Because of how Vail has decided to operate many of these places it's driving most of the local culture and employment away. Yeah, COVID-19 helped drive some of it away, but the lack of local HR and the lack of compensation keeping pace with employers in the area for all those who have worked there in the past feels like it's killing the place. My dad has worked at Sunapee for nearly 40 years and has never felt more like a number then he does now. Many of these current and former employees are people who love the place for what it is and are what made it into what it is known for. Sadly the almighty mothership is just shitting on them when they ask for something to help make their jobs easier or improve the place. Yeah, new lifts are good and they very much help the marketing side of it, but it does nothing to maintain the vibe and excitement of actually skiing there. A new lift does nothing if there is no one there to operate it or maintain it.

I also feel like if that culture was improved, other parts of the experience would be improved as well. The biggest issue I see as a skier is that there is the lack of transparency. Part of the stoke is reading that snow report to know what's going on at the mountain that day. Where are they making snow....what might open next? I can remember back in college being hot glued to my computer reading all of the snow reports from various ski areas as they were the main thing to build up my excitement before my next ski day. Having that info of both the positives and the negatives makes for a better experience in my opinion. Even Peak Resorts had a pretty well put together blog on their efforts to get the Summit Triple running at Attitash. And while it potentially could have been better and there could have been more explanation behind what their was no replacement for the lift scheduled, it was still something.

I apologize for the long rant, but I feel like it's important to see all sides of this. I do agree that Vail has done some great things for skiing as a whole, but at the same time I'm hearing a lot and seeing first hand what it's doing as a detriment.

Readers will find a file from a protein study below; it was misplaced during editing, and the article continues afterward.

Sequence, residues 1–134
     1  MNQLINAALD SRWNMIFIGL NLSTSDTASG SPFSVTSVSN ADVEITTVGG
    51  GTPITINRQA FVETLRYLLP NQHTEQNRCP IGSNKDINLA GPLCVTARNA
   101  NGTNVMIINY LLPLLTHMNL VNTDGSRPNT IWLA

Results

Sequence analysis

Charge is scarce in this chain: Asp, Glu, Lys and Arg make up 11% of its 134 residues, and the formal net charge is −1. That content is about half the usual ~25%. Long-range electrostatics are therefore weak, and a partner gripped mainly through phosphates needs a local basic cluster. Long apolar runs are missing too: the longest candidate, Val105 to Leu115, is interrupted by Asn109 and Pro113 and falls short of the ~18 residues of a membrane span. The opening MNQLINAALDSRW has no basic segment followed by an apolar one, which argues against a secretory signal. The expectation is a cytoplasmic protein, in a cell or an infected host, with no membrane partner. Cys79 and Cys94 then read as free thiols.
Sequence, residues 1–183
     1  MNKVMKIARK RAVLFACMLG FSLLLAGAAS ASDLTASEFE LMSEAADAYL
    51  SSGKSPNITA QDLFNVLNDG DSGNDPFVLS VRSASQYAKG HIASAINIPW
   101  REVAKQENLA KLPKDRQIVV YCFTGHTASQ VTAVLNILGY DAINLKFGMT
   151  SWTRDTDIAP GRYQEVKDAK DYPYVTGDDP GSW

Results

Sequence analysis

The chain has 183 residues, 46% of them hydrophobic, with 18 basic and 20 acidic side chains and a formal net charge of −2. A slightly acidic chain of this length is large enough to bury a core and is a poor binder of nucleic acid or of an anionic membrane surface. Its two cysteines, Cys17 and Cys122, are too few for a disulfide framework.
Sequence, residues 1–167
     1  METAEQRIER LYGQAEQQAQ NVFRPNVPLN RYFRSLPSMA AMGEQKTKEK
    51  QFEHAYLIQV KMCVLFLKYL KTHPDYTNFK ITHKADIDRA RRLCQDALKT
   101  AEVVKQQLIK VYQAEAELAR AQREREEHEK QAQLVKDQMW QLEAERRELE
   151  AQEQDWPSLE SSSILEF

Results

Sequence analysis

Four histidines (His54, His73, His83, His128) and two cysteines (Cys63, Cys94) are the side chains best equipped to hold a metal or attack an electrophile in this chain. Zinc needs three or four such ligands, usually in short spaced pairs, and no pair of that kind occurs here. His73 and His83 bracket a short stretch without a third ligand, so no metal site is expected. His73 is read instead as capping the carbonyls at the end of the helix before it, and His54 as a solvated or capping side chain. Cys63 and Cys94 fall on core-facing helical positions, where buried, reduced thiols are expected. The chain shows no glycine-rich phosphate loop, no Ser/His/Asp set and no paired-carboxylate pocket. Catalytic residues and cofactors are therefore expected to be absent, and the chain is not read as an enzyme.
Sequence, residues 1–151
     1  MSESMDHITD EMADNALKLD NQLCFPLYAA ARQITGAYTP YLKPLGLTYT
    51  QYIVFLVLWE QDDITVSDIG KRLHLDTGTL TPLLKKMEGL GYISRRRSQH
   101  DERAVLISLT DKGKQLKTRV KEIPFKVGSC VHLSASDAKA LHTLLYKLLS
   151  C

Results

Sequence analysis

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I believe American ski comp have the low cost multi-mountain pass in the late 90's and early 20's before it broke up and before Vail. No doubt Vail has been more successful in growing this model.

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Meanwhile, in Washington state: https://www.change.org/p/vail-resorts-hold-vail-resorts-accountable?utm_content=cl_sharecopy_31863678_en-US%3A4&recruiter=38777009&recruited_by_id=770ff8e0-4255-0130-8636-3c764e044e9e&utm_source=share_petition&utm_medium=copylink&utm_campaign=psf_combo_share_initial&utm_term=psf_combo_share_initial&share_bandit_exp=initial-31863678-en-US

I don't subscribe to your love of Katz or Vail management in general, especially the present CEO. They just rode the late Boomer wave in skiing, the generation that built and funded the industry, and are now dying off, but, have plenty of time in retirement to travel around and plenty of skiing skills to not be included in that ticket window/first timer group. Vail is like so many American corporations, gobbling up the cheapest money in decades and turning around and buying up hills where ever they can, and labelling all of that "growth". Then they do something incredibly crude and competitively underprice their pass with no real thought in what they may bring to their new acquisitions, and, they probably don't care, because it all looks so sweet when the quarterly reports come out and then they can all sit in the board room and congratulate themselves with higher salaries and bonuses. This will end in tears. There are hundreds, maybe thousands of skiers standing in long lift lines this very day, some who had to pay a fee for parking before they got to that point, who may be thinking, eh, maybe this wasn't such a good idea.

Now the company is being run by a vacuous marketing soft drink salesperson who is responsible for their awful web sites and now is being lauded for her genius in collecting data, as though that will improve the skiing experience. Hoo boy. But, as I've been saying, hey everybody, please continue buying that Epic pass. The more at those mountains, the less at mine.

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As always, a great piece. Just remember there is another world out there outside of the epic and ikon pass. Indy pass and the remaining Independents. No lift lines and powder that lasts for days. Consider a couple days at one of these hidden gems. Maybe a day trip from your home base or a detour on the way to your your primary destination. You might discover a whole new world.

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I wouldn't give too much credit. The company is heavily indebted and the stock PE of 94 is juiced due to the Federal Reserve mad money printing. It's on my watch list of high-flyers that will go down when this next artificial boom inevitably collapses.